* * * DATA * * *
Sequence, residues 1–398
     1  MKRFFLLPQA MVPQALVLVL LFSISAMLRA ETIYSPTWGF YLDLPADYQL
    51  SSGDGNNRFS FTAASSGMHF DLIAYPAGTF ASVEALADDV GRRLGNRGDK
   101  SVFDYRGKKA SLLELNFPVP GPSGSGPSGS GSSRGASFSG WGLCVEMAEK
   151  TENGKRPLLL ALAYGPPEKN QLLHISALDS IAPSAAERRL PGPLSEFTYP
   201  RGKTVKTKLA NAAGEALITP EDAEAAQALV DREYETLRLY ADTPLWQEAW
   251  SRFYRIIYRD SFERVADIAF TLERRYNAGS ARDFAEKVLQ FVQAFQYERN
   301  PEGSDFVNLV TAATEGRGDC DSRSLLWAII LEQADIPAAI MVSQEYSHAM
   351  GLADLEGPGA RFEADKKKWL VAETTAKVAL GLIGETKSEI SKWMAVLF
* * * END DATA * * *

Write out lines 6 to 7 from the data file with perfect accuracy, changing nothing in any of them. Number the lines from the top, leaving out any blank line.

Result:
   201  RGKTVKTKLA NAAGEALITP EDAEAAQALV DREYETLRLY ADTPLWQEAW
   251  SRFYRIIYRD SFERVADIAF TLERRYNAGS ARDFAEKVLQ FVQAFQYERN